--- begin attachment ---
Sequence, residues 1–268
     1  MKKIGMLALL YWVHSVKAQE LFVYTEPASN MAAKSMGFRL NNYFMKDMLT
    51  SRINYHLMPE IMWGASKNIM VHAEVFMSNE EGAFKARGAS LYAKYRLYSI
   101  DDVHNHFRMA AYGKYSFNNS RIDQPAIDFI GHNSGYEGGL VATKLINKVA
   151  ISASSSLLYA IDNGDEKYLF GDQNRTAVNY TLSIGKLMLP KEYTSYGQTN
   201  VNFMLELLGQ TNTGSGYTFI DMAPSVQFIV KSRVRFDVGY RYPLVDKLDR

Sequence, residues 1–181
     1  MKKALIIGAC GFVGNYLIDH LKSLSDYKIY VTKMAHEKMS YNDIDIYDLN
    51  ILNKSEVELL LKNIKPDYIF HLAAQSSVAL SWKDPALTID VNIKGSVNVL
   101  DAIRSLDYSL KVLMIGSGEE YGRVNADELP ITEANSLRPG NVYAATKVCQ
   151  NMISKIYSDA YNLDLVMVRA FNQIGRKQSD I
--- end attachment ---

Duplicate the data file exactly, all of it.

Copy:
Sequence, residues 1–268
     1  MKKIGMLALL YWVHSVKAQE LFVYTEPASN MAAKSMGFRL NNYFMKDMLT
    51  SRINYHLMPE IMWGASKNIM VHAEVFMSNE EGAFKARGAS LYAKYRLYSI
   101  DDVHNHFRMA AYGKYSFNNS RIDQPAIDFI GHNSGYEGGL VATKLINKVA
   151  ISASSSLLYA IDNGDEKYLF GDQNRTAVNY TLSIGKLMLP KEYTSYGQTN
   201  VNFMLELLGQ TNTGSGYTFI DMAPSVQFIV KSRVRFDVGY RYPLVDKLDR

Sequence, residues 1–181
     1  MKKALIIGAC GFVGNYLIDH LKSLSDYKIY VTKMAHEKMS YNDIDIYDLN
    51  ILNKSEVELL LKNIKPDYIF HLAAQSSVAL SWKDPALTID VNIKGSVNVL
   101  DAIRSLDYSL KVLMIGSGEE YGRVNADELP ITEANSLRPG NVYAATKVCQ
   151  NMISKIYSDA YNLDLVMVRA FNQIGRKQSD I